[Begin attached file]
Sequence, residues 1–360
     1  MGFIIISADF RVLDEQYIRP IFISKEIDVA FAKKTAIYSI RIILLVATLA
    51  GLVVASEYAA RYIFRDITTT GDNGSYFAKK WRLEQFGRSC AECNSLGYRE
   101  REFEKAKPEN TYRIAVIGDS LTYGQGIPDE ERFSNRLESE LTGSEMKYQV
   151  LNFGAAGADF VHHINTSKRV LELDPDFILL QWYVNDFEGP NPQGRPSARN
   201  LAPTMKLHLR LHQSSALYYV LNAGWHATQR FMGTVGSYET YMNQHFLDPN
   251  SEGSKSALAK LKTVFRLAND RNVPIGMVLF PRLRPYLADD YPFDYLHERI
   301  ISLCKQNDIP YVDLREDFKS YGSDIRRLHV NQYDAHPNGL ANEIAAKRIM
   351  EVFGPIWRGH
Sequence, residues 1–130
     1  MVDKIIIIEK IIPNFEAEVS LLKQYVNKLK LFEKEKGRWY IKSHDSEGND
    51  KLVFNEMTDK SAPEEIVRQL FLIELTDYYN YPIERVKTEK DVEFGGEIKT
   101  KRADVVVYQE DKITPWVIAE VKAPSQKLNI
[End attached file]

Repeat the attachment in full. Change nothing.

Sequence, residues 1–360
     1  MGFIIISADF RVLDEQYIRP IFISKEIDVA FAKKTAIYSI RIILLVATLA
    51  GLVVASEYAA RYIFRDITTT GDNGSYFAKK WRLEQFGRSC AECNSLGYRE
   101  REFEKAKPEN TYRIAVIGDS LTYGQGIPDE ERFSNRLESE LTGSEMKYQV
   151  LNFGAAGADF VHHINTSKRV LELDPDFILL QWYVNDFEGP NPQGRPSARN
   201  LAPTMKLHLR LHQSSALYYV LNAGWHATQR FMGTVGSYET YMNQHFLDPN
   251  SEGSKSALAK LKTVFRLAND RNVPIGMVLF PRLRPYLADD YPFDYLHERI
   301  ISLCKQNDIP YVDLREDFKS YGSDIRRLHV NQYDAHPNGL ANEIAAKRIM
   351  EVFGPIWRGH
Sequence, residues 1–130
     1  MVDKIIIIEK IIPNFEAEVS LLKQYVNKLK LFEKEKGRWY IKSHDSEGND
    51  KLVFNEMTDK SAPEEIVRQL FLIELTDYYN YPIERVKTEK DVEFGGEIKT
   101  KRADVVVYQE DKITPWVIAE VKAPSQKLNI